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2014-03-15

Report submitted to the 17th session of the UN Human Rights Council Working Group on the Universal Periodic Review


[English translation by Human Rights in China, October 8, 2013]
Report submitted to the 17th session of the UN Human Rights Council
Working Group on the Universal Periodic Review
Country: The People's Republic of China
Submitter: Rights Campaign, a non-governmental organization in China
Date of Submission: March 1, 2013

Web site: http:rightscampaign.blogspot.com
Contact address: Apt. 101, Unit B, Building 6, Hangyun Jiayuan,
Qishuyan District, Changzhou City, Jiangsu Province
Contact person: Cao Shunli, email address: [email protected]
The main work of Rights Campaign, which was established in 2008, is to track websites every day to gather and record the petitioning and rights defense activities of petitioners and rights defenders in China, as well as the abuse and suppression that they suffer in the course of those activities, and to provide legal and other assistance to the victims. This report primarily recounts the basis for petitioners and rights defenders to participate in the National Human Rights Action Plan and the National Human Rights Report, their experience, and the suppression they suffered.

1. There are no Letters and Visits [petitioning] mechanisms within Chinese government departments, courts, or the procuratorate, at any levels to receive complaints by petitioners and rights defenders against these departments and their subordinate departments. In their actual work, Letters and Visits departments lack the authority and funds to resolve the issues in these petitions, and they can only transfer the problems in these petitions to other departments. Some petitioners and rights defenders are not satisfied with the results of the Letters and Visits departments’ handling of problems and the methods they use in handling these problems, and so they continue to approach departments at higher levels of government or the central government to report their problems, demanding that the government directly intervene to solve them. In recent years, many people engaging in petitioning and rights defense have been severely punished by some government departments. Some have been sentenced to Reeducation-Through-Labor (RTL) and prison. These groups are the main victims of the current corruption in the Chinese government and judicial injustice, and they are also the main objects of torture and arbitrary detention.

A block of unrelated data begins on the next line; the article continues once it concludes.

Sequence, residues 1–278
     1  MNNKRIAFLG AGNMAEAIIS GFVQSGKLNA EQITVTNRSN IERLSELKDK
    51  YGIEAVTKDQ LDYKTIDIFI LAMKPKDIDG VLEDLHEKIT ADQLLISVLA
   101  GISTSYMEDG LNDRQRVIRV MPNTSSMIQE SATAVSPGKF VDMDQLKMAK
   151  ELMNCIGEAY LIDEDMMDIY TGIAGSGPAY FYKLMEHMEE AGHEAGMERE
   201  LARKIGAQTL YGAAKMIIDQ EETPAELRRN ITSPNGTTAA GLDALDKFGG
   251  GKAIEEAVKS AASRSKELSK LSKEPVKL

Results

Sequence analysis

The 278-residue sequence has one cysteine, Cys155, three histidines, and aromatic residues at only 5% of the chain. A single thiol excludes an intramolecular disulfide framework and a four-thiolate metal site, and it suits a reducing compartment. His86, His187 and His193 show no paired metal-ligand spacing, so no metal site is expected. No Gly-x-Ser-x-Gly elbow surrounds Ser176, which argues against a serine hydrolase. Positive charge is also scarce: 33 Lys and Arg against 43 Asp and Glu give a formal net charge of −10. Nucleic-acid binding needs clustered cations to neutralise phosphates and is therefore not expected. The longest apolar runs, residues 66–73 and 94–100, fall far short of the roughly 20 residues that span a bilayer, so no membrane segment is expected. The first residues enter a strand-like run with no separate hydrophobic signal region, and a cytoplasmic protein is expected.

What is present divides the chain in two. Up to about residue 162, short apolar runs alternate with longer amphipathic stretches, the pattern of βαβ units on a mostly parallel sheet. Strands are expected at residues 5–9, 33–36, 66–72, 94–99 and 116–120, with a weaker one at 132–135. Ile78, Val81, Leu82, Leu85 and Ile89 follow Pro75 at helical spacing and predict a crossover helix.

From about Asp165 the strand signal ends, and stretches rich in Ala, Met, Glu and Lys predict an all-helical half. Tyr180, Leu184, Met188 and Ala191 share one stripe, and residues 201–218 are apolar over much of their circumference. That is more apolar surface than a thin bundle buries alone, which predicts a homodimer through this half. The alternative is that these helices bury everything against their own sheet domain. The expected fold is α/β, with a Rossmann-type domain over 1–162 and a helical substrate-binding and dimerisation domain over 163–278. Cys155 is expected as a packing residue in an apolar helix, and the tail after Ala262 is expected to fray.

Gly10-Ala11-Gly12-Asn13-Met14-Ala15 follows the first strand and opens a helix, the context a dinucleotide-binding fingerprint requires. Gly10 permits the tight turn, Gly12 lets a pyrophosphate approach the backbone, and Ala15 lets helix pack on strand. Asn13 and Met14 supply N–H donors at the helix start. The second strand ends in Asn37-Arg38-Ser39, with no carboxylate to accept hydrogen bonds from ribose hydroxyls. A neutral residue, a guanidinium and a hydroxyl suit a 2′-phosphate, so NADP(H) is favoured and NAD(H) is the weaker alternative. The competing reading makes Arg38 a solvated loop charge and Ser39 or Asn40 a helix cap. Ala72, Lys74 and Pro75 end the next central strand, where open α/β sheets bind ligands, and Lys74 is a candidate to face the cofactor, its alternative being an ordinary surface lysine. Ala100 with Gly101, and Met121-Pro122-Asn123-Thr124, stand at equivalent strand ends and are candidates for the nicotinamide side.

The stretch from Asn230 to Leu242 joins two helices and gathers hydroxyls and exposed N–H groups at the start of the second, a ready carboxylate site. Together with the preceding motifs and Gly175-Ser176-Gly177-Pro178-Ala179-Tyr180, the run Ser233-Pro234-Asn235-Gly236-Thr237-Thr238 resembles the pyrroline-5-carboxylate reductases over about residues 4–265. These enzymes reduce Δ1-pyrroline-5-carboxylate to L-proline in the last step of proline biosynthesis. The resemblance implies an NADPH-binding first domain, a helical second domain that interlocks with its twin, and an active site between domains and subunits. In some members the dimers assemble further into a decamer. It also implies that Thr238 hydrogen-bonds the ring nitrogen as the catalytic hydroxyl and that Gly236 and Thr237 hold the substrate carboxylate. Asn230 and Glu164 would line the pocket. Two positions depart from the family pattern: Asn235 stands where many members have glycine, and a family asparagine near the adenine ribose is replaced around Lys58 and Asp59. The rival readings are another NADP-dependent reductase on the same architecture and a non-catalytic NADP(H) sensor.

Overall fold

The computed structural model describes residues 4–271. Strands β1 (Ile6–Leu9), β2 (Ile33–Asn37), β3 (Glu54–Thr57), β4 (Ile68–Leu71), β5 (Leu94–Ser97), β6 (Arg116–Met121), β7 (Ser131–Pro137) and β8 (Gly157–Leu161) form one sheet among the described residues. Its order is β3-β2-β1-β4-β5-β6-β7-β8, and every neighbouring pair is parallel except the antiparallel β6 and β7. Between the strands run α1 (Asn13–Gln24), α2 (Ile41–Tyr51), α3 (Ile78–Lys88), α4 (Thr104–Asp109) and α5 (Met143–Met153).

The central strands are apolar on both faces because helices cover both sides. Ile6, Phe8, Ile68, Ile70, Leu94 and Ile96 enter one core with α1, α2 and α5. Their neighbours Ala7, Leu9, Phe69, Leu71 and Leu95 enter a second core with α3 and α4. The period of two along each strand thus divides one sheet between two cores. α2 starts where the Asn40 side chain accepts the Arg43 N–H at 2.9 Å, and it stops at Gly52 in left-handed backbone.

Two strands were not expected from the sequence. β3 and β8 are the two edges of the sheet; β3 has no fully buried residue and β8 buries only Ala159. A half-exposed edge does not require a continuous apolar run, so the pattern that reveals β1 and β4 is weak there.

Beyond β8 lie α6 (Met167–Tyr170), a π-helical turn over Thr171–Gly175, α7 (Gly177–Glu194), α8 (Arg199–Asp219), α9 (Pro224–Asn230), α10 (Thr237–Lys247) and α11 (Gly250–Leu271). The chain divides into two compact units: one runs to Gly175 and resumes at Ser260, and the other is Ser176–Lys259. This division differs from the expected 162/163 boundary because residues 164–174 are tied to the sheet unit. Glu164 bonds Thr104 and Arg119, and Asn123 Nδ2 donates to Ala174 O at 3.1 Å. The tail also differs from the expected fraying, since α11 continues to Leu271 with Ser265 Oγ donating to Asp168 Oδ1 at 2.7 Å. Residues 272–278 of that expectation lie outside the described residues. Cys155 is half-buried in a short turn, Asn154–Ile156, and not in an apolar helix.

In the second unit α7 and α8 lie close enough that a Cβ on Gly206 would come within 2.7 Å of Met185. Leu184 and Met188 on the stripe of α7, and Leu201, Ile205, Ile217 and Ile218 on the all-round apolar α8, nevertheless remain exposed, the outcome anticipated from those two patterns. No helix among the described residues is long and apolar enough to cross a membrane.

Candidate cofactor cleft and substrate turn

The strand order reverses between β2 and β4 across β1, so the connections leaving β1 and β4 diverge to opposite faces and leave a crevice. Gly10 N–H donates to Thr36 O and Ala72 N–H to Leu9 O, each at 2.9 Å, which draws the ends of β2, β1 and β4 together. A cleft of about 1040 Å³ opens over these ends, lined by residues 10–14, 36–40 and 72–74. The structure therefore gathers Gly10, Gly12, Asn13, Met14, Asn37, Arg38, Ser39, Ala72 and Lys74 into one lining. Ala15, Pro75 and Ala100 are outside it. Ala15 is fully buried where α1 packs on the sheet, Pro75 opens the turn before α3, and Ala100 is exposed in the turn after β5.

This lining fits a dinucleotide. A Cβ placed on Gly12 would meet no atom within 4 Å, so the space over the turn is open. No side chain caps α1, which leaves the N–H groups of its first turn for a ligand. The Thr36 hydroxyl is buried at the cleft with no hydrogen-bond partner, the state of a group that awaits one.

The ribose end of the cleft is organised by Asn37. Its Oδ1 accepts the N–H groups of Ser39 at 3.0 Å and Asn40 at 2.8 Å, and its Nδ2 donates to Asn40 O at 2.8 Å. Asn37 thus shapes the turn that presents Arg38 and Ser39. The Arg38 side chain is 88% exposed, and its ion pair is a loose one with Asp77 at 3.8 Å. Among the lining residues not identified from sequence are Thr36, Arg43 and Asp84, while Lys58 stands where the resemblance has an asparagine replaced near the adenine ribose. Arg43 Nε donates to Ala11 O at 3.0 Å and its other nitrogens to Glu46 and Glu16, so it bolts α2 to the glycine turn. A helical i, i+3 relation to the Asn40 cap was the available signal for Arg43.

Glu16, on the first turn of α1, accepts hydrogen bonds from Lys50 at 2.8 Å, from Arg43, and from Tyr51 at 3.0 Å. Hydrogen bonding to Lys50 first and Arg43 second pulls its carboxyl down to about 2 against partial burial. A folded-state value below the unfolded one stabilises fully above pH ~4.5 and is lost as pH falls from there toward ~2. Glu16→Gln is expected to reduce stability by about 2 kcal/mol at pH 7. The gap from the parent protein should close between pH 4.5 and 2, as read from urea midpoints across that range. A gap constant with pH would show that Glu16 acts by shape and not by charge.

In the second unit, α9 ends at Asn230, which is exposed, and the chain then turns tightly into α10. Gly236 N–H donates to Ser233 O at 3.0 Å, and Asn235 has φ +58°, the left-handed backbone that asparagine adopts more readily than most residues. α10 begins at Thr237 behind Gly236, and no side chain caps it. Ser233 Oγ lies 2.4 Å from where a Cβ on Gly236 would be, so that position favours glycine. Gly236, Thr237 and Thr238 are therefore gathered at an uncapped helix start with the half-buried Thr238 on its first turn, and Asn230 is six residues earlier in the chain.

2. In November 2008, the Chinese government decided to formulate a National Human Rights Action Plan, and petitioners and rights defenders once hoped to use participation in this plan to make their human rights situation known, and to resolve their appeals for human rights. However, they were suppressed by the government.


I. The experience of petitioners and rights defenders in participating in the National Human Rights Action Plan and the National Human Rights Report and the suppression they suffered:

3. On December 10, 2008, International Human Rights Day, several petitioners and rights defenders went to the Ministry of Foreign Affairs to submit an application (see Appendix 1) to request that the government follow the standards established in the Handbook on National Human Rights Plans of Action, abide by the UN Human Rights Council's Document A/HRC/6/L.24, and include the participation of petitioners, rights defenders, and non-governmental civil society organizations in the process of the drafting, compilation, and implementation of the National Human Rights Action Plan and the National Human Rights Report. The Ministry of Foreign Affairs accepted the application, but at the same time, the police took into custody around 50 people at the front gate of the Ministry, and Chen Jianfang and 28 others were put under administrative detention.[1]


4. On December 18, 2008, the Ministry of Foreign Affairs issued a response to the petitioners and rights defenders who had submitted the application (see Appendix 2). Based on the response by the Ministry of Foreign Affairs, the petitioners and rights defenders proceeded to submit the application to the Information Office of the State Council. The Information Office did not accept the application, remained silent, and did nothing when great numbers of policemen and police vehicles blocked the advance of the individuals who tried to submit the application, and detained them. At that time, Yang Guiying and four others were punished with administrative detention, Cao Shunli and others were taken into custody and detained in a police station, and some were detained at the Ministry of Civil Affair's Jiujing Zhuang Relief and Assistance Center in the Fengtai District of Beijing.[2]


5. On March 27, 2009, China Newsweek, a media organization under the jurisdiction of the Information Office of the State Council, published an interview with a professor from the law department of Peking University. This professor said: Ninety-nine percent of the long-term petitioners have mental disorders, and committing them to psychiatric institutions is the best way of protecting their human rights. A number of petitioners and rights defenders went to seek an explanation and protest these comments. On April 12, public security officers detained Cao Shunli and ten others at the entrance to Peking University. Afterwards, Cao Shunli was sentenced to serve one year of RTL.[3]